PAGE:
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Journal of Pediatric Endocrinology and Metabolism

Editor-in-Chief: Kiess, Wieland

Ed. by Bereket, Abdullah / Darendeliler, Feyza / Dattani, Mehul / Gustafsson, Jan / Luo, Fei Hong / Mericq, Veronica / Ogata, Tsutomu / Toppari, Jorma

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2191-0251
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Volume 25, Issue 1-2

Issues

Congenital hypothyroidism

Mohammad A. Abduljabbar
  • Pediatric Endocrinology Services, Department of Pediatrics, Dhahran Health Center, Saudi Aramco, Dhahran, Saudi Arabia
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/ Ashraf M. Afifi
  • Neonatology Services, Department of Pediatrics, Dhahran Health Center, Saudi Aramco, Dhahran, Saudi Arabia
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Published Online: 2011-12-20 | DOI: https://doi.org/10.1515/jpem.2011.408

Abstract

Congenital hypothyroidism (CH) is defined as thyroid hormone deficiency present at birth. Babies with CH who are not identified and treated promptly develop severe mental retardation. Most of the babies with CH do not manifest the typical known signs and symptoms of hypothyroidism, and this is most likely due to transplacental passage of some maternal thyroid hormone in addition to some residual neonatal thyroid function, as might be seen with thyroid hypoplasia, an ectopic gland, or mild dyshormonogenesis. Screening for CH has enabled the virtual eradication of the devastating effects of mental retardation due to sporadic CH in most developed countries of the world. CH is classified into permanent and transient forms, which in turn can be divided into primary, secondary, or peripheral etiologies. Permanent CH refers to a persistent deficiency of thyroid hormone that requires life-long treatment. Transient CH refers to a temporary deficiency of thyroid hormone that is discovered at birth but recovers to normal in the first few months or years of life. In the last several decades, there have been exciting advances in our understanding of fetal and neonatal thyroid physiology. In addition, advances in molecular biology have helped in understanding the early events in thyroid gland embryogenesis, mechanisms of thyroid action in the brain, the molecular basis for many of the inborn errors of thyroid hormonogenesis, and thyroid hormone action. However, many questions and challenges are still not answered. For example, the increasing numbers of surviving small and premature neonates with abnormalities in thyroid function need definite diagnostic criteria and whether they require medical therapy. Another challenge is the dilemma of finding the best screening methodology that is sensitive and cost effective.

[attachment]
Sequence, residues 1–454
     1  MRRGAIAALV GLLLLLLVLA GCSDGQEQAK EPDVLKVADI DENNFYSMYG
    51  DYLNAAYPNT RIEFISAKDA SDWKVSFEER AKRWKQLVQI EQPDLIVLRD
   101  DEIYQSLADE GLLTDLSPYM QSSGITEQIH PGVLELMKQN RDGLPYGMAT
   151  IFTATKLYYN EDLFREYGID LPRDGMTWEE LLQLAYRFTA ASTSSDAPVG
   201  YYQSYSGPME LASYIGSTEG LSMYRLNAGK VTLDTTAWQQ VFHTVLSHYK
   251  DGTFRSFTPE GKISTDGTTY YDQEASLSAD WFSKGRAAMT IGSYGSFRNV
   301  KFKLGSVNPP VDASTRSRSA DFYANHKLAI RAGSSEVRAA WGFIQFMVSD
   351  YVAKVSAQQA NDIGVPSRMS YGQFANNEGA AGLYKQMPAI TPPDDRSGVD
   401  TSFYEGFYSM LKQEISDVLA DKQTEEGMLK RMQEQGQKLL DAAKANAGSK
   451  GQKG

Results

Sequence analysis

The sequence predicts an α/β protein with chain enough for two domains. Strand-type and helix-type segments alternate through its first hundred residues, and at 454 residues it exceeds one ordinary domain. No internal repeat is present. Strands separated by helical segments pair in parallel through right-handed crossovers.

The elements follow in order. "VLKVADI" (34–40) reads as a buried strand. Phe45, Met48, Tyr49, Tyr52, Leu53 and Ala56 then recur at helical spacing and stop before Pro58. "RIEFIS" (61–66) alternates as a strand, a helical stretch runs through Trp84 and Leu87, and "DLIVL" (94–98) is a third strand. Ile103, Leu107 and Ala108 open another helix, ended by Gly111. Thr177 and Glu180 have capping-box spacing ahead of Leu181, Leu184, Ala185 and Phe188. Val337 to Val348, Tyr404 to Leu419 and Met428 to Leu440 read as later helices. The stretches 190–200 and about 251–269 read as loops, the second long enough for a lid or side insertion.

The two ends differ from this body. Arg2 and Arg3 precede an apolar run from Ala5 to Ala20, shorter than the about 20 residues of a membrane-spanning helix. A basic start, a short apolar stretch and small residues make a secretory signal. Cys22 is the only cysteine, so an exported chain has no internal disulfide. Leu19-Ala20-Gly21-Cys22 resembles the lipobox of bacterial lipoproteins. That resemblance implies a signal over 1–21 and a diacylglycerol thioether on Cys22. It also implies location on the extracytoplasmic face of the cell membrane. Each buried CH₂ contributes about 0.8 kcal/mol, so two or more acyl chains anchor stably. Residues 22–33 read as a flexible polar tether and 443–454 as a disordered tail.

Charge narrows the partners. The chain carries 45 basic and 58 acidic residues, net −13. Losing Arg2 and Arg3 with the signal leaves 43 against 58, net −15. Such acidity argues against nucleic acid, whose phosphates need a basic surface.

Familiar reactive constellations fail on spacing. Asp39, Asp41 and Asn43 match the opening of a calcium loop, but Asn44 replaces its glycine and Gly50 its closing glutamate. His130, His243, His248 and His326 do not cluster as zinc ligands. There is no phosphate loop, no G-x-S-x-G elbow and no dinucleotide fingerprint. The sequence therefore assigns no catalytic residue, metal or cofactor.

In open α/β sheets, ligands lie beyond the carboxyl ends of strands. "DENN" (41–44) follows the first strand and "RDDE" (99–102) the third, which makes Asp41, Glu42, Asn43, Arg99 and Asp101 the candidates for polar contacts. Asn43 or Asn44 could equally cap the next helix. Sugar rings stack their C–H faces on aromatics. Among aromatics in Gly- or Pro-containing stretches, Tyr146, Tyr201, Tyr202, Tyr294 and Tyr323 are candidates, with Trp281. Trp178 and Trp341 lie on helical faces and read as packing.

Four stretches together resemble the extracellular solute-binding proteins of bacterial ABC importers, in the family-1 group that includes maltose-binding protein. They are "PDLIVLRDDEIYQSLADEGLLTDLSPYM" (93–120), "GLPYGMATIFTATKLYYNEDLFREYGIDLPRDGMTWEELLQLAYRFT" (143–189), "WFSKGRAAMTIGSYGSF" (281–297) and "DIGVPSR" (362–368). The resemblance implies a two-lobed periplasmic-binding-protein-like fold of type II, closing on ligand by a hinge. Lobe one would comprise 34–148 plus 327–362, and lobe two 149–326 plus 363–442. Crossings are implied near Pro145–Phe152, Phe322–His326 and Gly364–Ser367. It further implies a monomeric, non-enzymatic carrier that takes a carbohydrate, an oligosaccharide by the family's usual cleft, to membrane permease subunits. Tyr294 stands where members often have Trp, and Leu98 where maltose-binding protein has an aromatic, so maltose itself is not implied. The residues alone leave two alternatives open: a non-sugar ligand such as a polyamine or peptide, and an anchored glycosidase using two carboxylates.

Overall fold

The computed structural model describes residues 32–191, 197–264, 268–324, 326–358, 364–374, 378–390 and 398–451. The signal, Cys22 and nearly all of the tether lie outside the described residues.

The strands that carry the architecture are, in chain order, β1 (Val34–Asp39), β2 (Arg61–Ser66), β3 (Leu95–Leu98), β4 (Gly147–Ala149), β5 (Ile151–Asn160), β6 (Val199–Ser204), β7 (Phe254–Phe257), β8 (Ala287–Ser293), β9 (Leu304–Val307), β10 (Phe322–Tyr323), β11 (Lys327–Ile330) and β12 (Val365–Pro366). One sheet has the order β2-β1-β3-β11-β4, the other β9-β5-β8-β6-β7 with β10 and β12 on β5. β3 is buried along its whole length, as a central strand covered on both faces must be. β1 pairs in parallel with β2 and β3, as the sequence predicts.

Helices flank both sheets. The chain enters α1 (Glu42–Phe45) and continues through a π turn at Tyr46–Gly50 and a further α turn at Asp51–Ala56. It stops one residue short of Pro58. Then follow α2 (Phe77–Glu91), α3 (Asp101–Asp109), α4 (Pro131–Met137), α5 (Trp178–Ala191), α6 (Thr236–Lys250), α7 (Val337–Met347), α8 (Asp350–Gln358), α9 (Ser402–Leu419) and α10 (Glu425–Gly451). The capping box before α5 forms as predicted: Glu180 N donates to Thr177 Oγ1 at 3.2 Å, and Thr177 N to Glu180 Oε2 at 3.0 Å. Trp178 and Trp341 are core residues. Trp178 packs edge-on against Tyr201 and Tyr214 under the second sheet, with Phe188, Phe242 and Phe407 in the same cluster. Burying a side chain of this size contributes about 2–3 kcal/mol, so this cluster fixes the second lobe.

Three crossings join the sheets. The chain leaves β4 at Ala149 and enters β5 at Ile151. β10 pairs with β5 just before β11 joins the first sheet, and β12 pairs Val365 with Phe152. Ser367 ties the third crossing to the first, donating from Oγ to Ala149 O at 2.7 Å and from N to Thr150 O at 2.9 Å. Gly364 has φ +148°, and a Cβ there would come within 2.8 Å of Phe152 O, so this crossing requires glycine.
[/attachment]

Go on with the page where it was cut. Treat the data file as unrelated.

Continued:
Keywords: congenital; hypothyroidism; screening

About the article

Corresponding author: Mohammad A. Abduljabbar, MD, Pediatric Endocrinologist, Pediatrics Services Division, Dhahran Health Center, Saudi Aramco Medical Services Organization, P.O. Box 2562, Dhahran 31311, Saudi Arabia Phone: +966-3-8778290, Fax +966-3-8773792


Received: 2011-09-05

Accepted: 2011-11-16

Published Online: 2011-12-20

Published in Print: 2012-02-01


Citation Information: Journal of Pediatric Endocrinology and Metabolism, Volume 25, Issue 1-2, Pages 13–29, ISSN (Online) 2191-0251, ISSN (Print) 0334-018X, DOI: https://doi.org/10.1515/jpem.2011.408.

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